Hostler, Tanya Tie wage increases to inflation.
    Robinson, Jaye I served on the Employee and Labour Relations Committee during the last round of successful negotiations and know that it takes strength and resolve.
    Streker, Nikola  A realistic budget limit has to be set and then defended as much as possible.


  • Candidate Response
    Friedman, Richard Yes
    Hostler, Tanya Yes
    Robinson, Jaye Will consider
    Streker, Nikola Yes – infrastructure and transit


  • Candidate Response
    Friedman, Richard Value for money, poor road conditions, and better representation.
    Hostler, Tanya  Development and intensification.
    Robinson, Jaye Development and intensification.  A big part of the solution is to shift power to neighbourhoods over planning and development decisions, from rethinking and rebuilding the Committee of Adjustment to moving forward with a Local Appeal Body to creating opportunities for local input and engagement at each and every turn.
    Streker, Nikola Poverty and affordable housing. New units have to be built, existing units have to be maintained and renovated, and all three levels of government should help to finance this type of housing strategy in order to combat the rising poverty levels in the city.

 

The full responses

  • 1. Do you support a property tax cap ensuring future hikes are no greater than the rate of inflation?

    Yes, I would support a property tax cap ensuring future hikes are no greater than the rate of inflation. I would even go further regarding property tax issue. I would have a four year plan outlining the property tax minimum and maximum amount, so the people of Toronto and Ward 25 would be able to see the cost for the next four years.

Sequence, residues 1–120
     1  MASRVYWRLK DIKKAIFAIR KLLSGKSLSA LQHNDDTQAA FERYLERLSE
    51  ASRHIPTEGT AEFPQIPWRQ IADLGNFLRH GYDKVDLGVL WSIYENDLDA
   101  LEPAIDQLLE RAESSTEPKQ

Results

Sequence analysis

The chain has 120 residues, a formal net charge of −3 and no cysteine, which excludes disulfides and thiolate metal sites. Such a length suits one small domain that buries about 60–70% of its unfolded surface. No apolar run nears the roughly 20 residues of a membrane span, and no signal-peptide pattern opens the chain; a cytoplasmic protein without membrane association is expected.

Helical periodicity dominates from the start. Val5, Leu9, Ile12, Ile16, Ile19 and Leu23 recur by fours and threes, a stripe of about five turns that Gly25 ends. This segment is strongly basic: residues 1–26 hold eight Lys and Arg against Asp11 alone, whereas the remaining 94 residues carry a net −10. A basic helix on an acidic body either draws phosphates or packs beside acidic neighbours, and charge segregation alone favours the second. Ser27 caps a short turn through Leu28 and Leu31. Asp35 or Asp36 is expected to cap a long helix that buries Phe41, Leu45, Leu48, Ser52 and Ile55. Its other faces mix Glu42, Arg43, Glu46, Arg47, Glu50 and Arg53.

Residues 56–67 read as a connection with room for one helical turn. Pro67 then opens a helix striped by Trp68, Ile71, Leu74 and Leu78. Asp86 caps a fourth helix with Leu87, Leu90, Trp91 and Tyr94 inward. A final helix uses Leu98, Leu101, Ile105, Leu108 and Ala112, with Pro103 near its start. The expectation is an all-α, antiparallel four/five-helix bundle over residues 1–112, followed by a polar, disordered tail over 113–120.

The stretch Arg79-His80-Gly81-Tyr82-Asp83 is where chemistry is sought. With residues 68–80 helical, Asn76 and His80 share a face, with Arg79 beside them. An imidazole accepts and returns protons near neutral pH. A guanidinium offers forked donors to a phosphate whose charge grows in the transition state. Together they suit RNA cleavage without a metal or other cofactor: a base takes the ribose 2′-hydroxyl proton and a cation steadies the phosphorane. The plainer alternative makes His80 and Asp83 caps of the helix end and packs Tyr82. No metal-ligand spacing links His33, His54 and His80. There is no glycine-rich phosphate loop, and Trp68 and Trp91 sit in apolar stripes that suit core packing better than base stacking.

2. Where, specifically, do you advocate finding savings in the current city budget?

    The City of Toronto is the 4th largest city in North America. It takes a lot of money to run a city efficiently. I would look into saving some money by freezing wages in the TTC and Police.

    3. Do you support reducing the size of Toronto City Council?

    No I don’t. There is close to 60,000 people in Ward 25, Don Valley West. In order to provide great service to the residents and the City of Toronto, you need to be available for everyone. I don’t think it would improve city council, but I will let you know in a few months.

    4. Will you support contracting out garbage collection east of Yonge Street?

    Yes I would, only if it would provide a better service and value for the residents.
    Residents understand that everyone pays taxes, they just want to make sure that they are getting good service and value for their money.

    5. What are your thoughts on the Municipal Land Transfer Tax – will you support reducing it or eliminating it?

    I support reducing it, but not eliminating it. The Municipal Land Transfer Tax generates important revenue for the city. I would look into reducing the tax for first time home owners. The prices for purchasing a home in the GTA have gone up substantially over the past 10 years. Toronto needs the tax base. I would look into reducing the tax so young families can find a home in the GTA area.